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‘Make our skies blue again’ is becoming a worn-out catchphrase of the Chinese government. The same promise was made by the Chinese premier Li Keqiang in March after a meeting of the legislative branch over the country’s ecological crisis. But nonetheless, earlier this summer, it was reported that over 13,700 companies (70% of all Chinese businesses) had ignored the Ministry of Environmental Protection’s guidelines and complied with either some of the pollution control measures, or none at all. Not only is the private sector apathetic at tackling environmental insecurity, but even the same self-proclaimed eco-conscious legislators considered classifying the deadly smog in Chinese cities as a ‘natural disaster’ (meteorological rather than industrial emissions) to protect the authorities at fault.

Hebei province takes the top six of the most polluted cities in China, according to the figures of the beleaguered MEP, with 47 micrograms of hazardous fumes every cubic metre. In December 2016, up to half a billion people were affected by smog, dubbed the ‘Airpocalypse’ in western media, with thousands of ecological migrants fleeing from the contaminated cities into the countryside. Almost one-in-three deaths in China are now related to breathing in toxic substances in the urban air, with a common sight being gas masked citizens wandering through the dense fog of the metropolitan streets.

Hebei province.

To demonstrate just how far the ecological damage has come, this case being in China’s neighbour Taiwan, three design students from the Taiwan University of the Arts drew international notice for their final year exhibition project: ‘Polluted Water Popsicles‘. They collected ditch water from up to a hundred different sources on the island-nation and froze the tainted fluids into a range of multi-coloured, multi-polluted lolly shapes, all displayed in their own brands of packaging. The choice of polluted confections come from loose industrial wastewater to rivers of plastic toxins and an eerie source of ‘black water’ (believed to be excess oil) running in a canal behind the students’ university. Some of the diseased candies still have plastic, paper and metal waste stuck inside of them.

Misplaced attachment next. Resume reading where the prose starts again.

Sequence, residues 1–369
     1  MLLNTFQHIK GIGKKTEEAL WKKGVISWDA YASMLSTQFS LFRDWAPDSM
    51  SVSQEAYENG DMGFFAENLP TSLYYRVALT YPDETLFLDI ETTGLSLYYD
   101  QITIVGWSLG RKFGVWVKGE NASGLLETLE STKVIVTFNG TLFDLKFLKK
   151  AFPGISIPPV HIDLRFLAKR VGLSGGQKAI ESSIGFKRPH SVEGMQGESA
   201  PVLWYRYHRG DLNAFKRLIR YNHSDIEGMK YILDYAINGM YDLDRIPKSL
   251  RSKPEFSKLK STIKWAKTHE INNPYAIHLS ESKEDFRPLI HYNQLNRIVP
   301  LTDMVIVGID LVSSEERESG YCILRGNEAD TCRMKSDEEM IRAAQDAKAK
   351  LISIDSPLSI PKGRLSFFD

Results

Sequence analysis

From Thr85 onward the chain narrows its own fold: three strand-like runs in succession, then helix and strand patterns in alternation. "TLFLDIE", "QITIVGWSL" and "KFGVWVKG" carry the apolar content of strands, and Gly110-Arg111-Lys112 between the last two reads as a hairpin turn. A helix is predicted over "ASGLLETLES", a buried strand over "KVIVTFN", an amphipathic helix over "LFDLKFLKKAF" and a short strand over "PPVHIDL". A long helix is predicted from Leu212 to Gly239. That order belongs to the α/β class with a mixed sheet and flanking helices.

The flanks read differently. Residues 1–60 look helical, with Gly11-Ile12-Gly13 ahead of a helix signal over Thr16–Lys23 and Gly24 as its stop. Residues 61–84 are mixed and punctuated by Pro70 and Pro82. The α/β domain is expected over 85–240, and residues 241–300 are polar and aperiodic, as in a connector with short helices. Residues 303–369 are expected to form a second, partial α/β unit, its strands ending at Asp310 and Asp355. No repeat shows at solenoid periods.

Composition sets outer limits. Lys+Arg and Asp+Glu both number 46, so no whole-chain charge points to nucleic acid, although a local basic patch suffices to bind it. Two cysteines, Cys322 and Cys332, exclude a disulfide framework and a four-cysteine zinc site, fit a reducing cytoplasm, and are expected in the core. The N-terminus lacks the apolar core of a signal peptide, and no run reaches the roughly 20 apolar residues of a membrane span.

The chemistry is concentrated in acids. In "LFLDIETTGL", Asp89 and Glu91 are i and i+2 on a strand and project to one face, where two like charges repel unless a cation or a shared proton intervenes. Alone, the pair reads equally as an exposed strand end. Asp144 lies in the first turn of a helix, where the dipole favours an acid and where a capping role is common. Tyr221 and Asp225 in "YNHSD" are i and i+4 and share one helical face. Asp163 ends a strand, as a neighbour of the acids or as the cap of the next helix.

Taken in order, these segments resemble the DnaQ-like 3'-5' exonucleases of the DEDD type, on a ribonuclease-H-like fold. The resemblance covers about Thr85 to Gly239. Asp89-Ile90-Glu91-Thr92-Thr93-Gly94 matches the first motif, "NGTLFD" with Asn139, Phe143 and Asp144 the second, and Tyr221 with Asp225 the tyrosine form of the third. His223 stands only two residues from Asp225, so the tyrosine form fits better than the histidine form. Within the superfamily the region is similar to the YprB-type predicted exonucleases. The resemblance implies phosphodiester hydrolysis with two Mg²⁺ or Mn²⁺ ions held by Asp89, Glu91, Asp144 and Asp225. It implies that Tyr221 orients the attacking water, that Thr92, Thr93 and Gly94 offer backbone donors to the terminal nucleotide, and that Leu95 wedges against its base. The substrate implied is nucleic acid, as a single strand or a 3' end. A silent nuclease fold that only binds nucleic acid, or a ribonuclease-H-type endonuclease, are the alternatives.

The exhibition’s message is clear in its concern over the social attitude of disposable environments which infest commodity obsessed cultures, as the students catalogue and marketise the pollution itself. With the unbridled interplay of market forces widely considered to be a natural constituent of ‘real life’, the popsicle treats represent pollution, traumatically, as a regular setting of everyday experience. Hung Yi-chen, one of the students, hopes the exhibition will raise awareness of environmental problems in Taiwan and elsewhere: ‘We hope when more people see this they will change their lifestyles’.

‘Almost on-in-three deaths in china are related to breathing in toxic substances in the urban air.’

Perhaps in the case of the People’s Republic of China contributing much (but not all) of Taiwan’s water and air pollution, looking at the issue in terms of personal lifestyle may be problematic if ecological crisis is systemically wrought in certain parts of East Asia. In some Chinese provinces (Hebei certainly being one) pollution is ever more becoming part of the social custom, the natural backdrop of one’s life.

Despite a highly developed and accelerating economy under China’s brand of authoritarian capitalism (or Lee Kuan Yew’s ‘capitalism with Asian values’) the country’s income inequality has been ranked as one of the worst in the world. In some cities, the proliferatoin of the noxious fumes has led to airport closures but those who are able to afford a costly flight can still hope to escape the affected cities. It has now become a custom where people try to plan a day-trip to the countryside where the sky can still be seen beyond the clouds of pollution. Some agencies in Beijing specifically cater toward being able to see the blue sky as an infrequent and pleasurable leisure activity. The culture of environmental degradation even dictates one’s personal calendar. The encroaching pollution also impacts the functioning of social services such as health facilities and education, with Chinese schoolchildren often overjoyed at the regular school closures because of the toxic air.

The ‘Polluted Water Popsicles’ give a wonderful insight into how state authorities legislate collective denial as everyday experience, as is currently being done in China’s absorption of environmental decay into its daily culture. This radical message in the tainted sweets is that often the supposedly innocent, ‘little pleasures’ in life can also be part of the disease. What these lollies effectively warn against is the false expectation, for citizens of a polluted culture, that life must simply go on.

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